“But there is a problem,” Liar continues, eyeing the men carefully. “The radioactive Boron has certain….effects on the male physiology. Bad effects. If you come into contact with it, it’ll…er…change you.”

Roundface has lost his threatening demeanour.  All he had to do was to find the source of some diamonds, and now…? “Change? Change? What change?”

“Um…you know?”Liar shoots an apologetic glance towards Gertruida. “Er…let me put it this way. Here I am, working all alone. Never been interested in a woman all my life. Isn’t that strange?”

“”It takes away your…manhood?”

Liar nods cheerfully. “Never missed it. Just as if it never existed, you know? It’s a wonderful freedom.”

Roundface turns to his companion and an urgent, whispered conversation follows.

“I think we’ve been misinformed,” he says at last. “The reports mentioned diamonds…”

“Oh, please! Sending over legit diamonds with a trusted courier doesn’t raise eyebrows. But…have you ever tried to mark such a parcel as “Radioactive Material”? Nobody would touch it.” Liar’s contempt at their ignorance drips from the words.

Gertruida tries again. “So, who sent you, anyway?”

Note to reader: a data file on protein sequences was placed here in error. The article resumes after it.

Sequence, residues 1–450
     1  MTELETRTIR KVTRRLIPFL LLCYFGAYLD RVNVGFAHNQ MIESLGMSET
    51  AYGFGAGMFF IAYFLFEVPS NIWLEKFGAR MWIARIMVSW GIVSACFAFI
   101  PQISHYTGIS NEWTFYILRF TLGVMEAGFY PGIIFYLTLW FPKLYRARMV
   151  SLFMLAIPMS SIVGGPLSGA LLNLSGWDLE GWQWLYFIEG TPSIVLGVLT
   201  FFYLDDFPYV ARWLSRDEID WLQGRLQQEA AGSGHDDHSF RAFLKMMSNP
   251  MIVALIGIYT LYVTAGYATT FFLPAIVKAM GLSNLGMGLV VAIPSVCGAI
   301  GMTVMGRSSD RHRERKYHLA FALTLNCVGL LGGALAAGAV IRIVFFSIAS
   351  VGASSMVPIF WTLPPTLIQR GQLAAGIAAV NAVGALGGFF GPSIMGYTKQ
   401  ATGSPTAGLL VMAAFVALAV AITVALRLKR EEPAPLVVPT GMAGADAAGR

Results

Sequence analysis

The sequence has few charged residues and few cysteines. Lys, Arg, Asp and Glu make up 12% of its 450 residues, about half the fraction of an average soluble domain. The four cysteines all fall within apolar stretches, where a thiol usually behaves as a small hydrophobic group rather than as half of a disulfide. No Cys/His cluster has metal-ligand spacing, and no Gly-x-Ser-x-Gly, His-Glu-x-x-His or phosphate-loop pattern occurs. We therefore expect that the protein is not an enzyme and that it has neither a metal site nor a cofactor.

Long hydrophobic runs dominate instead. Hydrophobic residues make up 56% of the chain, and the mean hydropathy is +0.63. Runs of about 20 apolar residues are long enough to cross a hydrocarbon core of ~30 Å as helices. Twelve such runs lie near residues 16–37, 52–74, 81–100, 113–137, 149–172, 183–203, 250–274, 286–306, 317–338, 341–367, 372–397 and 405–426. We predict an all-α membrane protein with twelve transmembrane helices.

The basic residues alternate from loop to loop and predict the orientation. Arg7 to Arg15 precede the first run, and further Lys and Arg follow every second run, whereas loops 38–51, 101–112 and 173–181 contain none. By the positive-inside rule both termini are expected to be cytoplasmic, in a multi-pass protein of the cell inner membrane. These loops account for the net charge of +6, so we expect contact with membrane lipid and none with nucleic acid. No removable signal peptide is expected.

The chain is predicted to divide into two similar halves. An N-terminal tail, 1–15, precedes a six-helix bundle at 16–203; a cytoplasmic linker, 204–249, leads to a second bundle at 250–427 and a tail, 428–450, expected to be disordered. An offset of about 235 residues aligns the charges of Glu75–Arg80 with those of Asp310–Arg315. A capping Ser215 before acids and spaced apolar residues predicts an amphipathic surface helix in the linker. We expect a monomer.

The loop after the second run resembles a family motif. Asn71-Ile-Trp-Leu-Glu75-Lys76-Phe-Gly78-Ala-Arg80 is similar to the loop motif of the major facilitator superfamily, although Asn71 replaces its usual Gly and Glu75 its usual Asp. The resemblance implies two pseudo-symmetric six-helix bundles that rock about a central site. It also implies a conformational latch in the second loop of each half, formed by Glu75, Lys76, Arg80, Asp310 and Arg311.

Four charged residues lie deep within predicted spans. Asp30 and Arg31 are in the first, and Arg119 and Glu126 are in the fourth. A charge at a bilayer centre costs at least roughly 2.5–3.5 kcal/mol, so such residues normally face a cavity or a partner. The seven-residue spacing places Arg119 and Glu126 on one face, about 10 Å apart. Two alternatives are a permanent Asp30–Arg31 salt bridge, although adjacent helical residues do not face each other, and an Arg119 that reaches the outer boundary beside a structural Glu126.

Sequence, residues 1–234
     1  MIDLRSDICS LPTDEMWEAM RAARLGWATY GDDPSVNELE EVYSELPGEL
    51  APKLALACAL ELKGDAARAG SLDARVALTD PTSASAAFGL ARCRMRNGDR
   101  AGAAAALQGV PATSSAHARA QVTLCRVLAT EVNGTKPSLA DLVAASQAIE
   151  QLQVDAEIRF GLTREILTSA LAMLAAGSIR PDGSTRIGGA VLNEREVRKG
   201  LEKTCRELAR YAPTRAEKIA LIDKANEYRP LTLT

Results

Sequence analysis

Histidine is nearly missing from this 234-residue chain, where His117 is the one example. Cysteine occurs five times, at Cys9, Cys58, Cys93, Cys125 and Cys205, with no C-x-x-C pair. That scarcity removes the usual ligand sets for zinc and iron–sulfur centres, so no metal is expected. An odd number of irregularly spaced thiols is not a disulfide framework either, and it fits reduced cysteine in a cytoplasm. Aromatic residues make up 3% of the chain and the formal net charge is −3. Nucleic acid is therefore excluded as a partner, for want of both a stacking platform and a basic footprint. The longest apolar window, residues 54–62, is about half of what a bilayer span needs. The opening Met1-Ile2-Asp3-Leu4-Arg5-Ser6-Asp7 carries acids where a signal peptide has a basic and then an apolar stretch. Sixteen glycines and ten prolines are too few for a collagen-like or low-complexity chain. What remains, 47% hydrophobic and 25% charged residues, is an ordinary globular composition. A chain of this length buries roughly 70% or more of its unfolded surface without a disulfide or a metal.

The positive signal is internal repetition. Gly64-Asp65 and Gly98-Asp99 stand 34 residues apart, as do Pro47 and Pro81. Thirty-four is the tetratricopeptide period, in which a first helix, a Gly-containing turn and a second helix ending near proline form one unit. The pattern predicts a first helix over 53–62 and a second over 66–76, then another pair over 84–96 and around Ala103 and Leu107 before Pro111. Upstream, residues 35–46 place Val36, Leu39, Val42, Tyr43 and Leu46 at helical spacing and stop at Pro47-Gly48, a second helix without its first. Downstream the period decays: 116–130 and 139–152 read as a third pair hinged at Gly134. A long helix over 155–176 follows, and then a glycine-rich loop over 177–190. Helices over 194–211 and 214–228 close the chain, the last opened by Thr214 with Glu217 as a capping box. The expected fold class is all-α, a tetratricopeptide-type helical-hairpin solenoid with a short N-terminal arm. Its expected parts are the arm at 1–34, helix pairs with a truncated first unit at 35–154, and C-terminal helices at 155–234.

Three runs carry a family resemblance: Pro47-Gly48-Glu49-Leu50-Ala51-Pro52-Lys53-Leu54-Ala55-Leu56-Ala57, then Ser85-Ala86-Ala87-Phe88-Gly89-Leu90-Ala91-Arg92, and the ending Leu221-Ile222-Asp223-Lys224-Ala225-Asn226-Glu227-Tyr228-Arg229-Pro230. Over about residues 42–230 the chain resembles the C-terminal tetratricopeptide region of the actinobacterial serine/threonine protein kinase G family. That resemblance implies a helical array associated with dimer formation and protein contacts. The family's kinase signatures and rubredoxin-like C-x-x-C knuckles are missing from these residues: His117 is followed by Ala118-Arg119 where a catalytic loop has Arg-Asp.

A thoroughly deflated Roundface sits down heavily. “I can’t tell you that. All I can say is that a very important man is interested in acquiring a lot of money, and get it quickly. We work for him. He needs the money urgently.”

“Why? Because of some recent developments?” A glimmer of understanding appears in Gertruida’s eyes.

“Yes. Some men need to be paid off. To keep quiet. There’s nothing money can’t buy, see? So our boss…well, he has a friend in the Reserve Bank, Asked him about individuals who receive large amounts of money from overseas, especially if such individuals seemed to be working alone and if they  might be persuaded to share their income. He – the Boss – doesn’t want to send out money from South Africa; the exchange regulations are just too strict for the large amounts needed in these transactions. Diamonds are easy to transport and can be exchanged for currency anywhere in the world – it’ll solve a lot of problems.  Mister Louw came up trumps – diamonds, no family, working alone…understand? But diamonds…yes! This radioactive stuff? No!”

“That’s a hare-brained scheme, Sir.”  Gertruida goes tut-tut.This man, your boss, wouldn’t be associated with some sport, would he? Like soccer, for instance?”

Roundface doesn’t answer. He gets up slowly to plod back to the helicopter, motioning his companion to follow.

The group on the ground waits for the helicopter to lift off before collapsing in laughter.

(To be continued…)

Trusting Liar (#7)